Wednesday, June 24, 2009

Book Review: Fingerprints of God

For some time now, I have been interested in the intersection between science and spirituality. If God in fact exists and is responsible for the existence of the universe, if there is something that transcends what we can see, touch, and measure, then it is reasonable to assume that there would be traces of the Divine, “fingerprints of God”, if you will, to be found within human experience.

Because of this interest, I have sought out and read books such as those by Paul Davies. Mind of God is probably his best known. Other such books and authors which readily come to mind include God: The Evidence by Patrick Glyn, Language of God by Francis Collins, and the work of Gerald Schroeder, an observant Orthodox Jew and scientist who finds no contradiction between a Talmudic reading of Genesis and the standard scientific account of the origin of the universe and the emergence of life on our planet. Schroeder, apparently, had a great deal to do with the conversion of Anthony Flew from convinced atheist to theist – or perhaps deist.

Thus, I was pleased to receive a copy of Barbara Bradley Hegarty’s Fingerprints of God: The Search for the Science of Spirituality for Fathers’ Day. Bradley Hegarty is a journalist who, for some years now, has covered religion for National Public Radio. Bradley Hegarty says that in writing this book, she is trying to understand her own experience, having been raised in a devout Christian Science environment and then, by way of a “numinous experience”, discovering the Jesus of the Gospels, leading her to the edge of Evangelicalism and finally, “mainstream Christianity”. What Bradley is looking for, she writes, is scientific confirmation, or at least justification, for her "intuition that God exists", that there is “something more”.

Among others, a major focus of this book is the emerging field of “neurotheology”, the exploration of what happens, both during and after, in a human brain when someone meditates, prays, uses a psychodelic drug such as peyote in a religious ritual, "hits bottom" or otherwise experiences a spontaneous conversion, or has a near death experience. The instruments these researchers use are products of state-of-the- art medical technology: highly sophisticated EEGs and brain scanning machines, such as MRIs and PET scanners.

As it turns out, such practices and experiences do make long term changes in brain activity and even, in the actual physiological structure of the brain itself.

Of course, the evidence in this regard has not yet accumulated to the point where most scientists have been convinced to abandon a materialistic view of the universe, or of life. However, the researchers that Bradley Hegarty interviewed are convinced that the science is about to enter, or has in fact already entered, a “paradigm shift” in this regard.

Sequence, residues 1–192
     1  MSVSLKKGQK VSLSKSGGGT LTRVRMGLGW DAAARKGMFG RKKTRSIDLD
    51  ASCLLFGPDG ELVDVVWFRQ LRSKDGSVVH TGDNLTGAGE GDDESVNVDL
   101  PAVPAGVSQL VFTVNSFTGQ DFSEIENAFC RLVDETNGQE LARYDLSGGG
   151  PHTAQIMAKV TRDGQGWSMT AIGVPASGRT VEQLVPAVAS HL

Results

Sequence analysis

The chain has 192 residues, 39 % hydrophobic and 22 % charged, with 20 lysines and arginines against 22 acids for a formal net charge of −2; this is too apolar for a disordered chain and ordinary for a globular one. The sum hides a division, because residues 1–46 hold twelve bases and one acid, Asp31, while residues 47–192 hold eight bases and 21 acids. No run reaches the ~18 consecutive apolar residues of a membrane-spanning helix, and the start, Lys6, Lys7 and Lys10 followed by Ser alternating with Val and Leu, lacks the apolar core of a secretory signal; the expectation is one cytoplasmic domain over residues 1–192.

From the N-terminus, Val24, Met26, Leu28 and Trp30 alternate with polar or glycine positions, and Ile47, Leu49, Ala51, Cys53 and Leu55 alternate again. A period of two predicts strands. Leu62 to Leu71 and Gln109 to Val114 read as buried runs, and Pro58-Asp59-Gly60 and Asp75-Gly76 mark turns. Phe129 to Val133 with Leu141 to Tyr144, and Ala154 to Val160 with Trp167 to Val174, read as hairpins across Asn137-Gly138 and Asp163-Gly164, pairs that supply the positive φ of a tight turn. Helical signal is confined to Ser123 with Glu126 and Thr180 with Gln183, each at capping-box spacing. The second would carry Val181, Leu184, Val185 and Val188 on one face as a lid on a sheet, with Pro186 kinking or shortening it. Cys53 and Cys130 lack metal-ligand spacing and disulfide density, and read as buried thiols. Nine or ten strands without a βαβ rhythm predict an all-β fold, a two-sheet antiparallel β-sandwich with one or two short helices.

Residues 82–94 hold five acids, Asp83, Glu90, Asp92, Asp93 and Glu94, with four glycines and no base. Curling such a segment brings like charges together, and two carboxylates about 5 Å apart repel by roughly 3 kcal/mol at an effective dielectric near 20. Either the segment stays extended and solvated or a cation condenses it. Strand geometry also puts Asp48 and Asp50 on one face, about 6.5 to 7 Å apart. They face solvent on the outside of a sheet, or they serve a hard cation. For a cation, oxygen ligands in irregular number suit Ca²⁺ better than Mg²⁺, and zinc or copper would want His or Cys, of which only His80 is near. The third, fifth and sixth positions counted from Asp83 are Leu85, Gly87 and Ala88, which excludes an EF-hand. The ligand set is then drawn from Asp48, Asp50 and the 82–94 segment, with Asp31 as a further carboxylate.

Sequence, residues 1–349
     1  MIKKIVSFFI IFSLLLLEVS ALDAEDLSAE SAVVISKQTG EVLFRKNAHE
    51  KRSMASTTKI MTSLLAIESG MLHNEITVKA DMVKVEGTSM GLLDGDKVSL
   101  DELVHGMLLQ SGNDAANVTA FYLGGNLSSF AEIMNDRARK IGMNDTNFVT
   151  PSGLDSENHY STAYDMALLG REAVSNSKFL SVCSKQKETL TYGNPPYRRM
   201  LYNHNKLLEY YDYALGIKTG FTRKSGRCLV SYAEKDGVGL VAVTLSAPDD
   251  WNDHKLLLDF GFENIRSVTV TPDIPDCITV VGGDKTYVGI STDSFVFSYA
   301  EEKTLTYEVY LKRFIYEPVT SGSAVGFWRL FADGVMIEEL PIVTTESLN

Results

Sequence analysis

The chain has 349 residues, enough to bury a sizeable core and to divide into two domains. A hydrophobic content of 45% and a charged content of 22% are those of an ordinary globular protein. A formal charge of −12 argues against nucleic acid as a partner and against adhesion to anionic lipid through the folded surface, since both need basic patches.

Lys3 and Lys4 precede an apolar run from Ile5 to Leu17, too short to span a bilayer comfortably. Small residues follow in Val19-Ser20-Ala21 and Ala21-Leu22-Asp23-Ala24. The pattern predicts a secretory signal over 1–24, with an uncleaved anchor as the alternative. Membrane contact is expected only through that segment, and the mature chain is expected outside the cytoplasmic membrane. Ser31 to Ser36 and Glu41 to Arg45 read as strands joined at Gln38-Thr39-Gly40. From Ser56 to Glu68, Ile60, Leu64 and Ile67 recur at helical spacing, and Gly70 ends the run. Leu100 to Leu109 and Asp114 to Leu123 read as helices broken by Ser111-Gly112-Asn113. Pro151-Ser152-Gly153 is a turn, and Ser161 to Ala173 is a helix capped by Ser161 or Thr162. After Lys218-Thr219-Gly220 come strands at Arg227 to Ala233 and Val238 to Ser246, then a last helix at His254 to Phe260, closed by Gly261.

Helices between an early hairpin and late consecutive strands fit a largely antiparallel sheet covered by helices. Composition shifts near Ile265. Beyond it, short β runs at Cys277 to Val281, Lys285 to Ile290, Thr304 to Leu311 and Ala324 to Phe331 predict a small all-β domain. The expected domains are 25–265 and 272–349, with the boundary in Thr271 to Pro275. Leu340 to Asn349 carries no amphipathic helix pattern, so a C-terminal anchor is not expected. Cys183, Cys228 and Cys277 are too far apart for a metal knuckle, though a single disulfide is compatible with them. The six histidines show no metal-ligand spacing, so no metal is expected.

While this is clearly not a theological book, Bradley Hegarty’s journalistic research clearly has theological implications. From a Christian perspective, perhaps the most interesting is that NDE’s and long term practices of meditation and prayer produce similar results in the brain. This gives a whole new spin to the idea of the spiritual life, specifically the Christian spiritual life, as “dying to self” or “dying with Christ”.

However, for all that, Bradley Hegarty’s book does not touch on several significant areas. First, apparently none of the research subjects are drawn from those pursuing an Orthodox Christian spiritual path: in the book, we encounter Roman Catholic nuns, Pentecostals, Buddhist monks, “spiritual but not religious” types, and others, but no monks from Mount Athos. So I am left wondering: what would their brain function look like?

Another pertinent question has to do with identifying “non-local mind” with God or transcendent spiritual reality. This is reminiscent of Jung’s “collective unconscious”. What if “non-local mind” is simply a product of humanity?

Then there is a related, but more urgent issue. What of the human encounter with spiritual evil? One thinks immediately of Malachi Martin’s Hostage to the Devil in which, for five persons, spiritual encounter has a destructive, not restorative effect. One also thinks of Scott Peck’s People of Lie as well as characters such as Charles Manson, the “Son of Sam”, Alistair Crowley, and various high level Nazis, whose ideology was undergirded by a certain spirituality. One would also note that for many traditions, Chritsian and non-Christian, it is deemed dangerous to undertake sustained spiritual practice apart from the input of someone who is more experienced and even, outside a spiritual community. Further, much spiritual literature is devoted to the matter of dealing with the egotism and evil that one will encounter while pursuing union with God. The closest that Bradley Hegarty gets to dealing with any of this is acknowledging that spirituality and certain psychiatric and neurological disorders exist on a continuum, reminding one of Jung's statement that "mystics are swimming in the same ocean in which psychotics are drowning".

With these shortcomings in mind, Bradley Hegarty’s book is worth the read. In the end, she reaches a common conclusion, one that seems entirely appropriate: while the existence of God and a transcendent realm is not provable, belief in God and another plane is justifiable, at least as reasonable as a purely materialist view of the universe.

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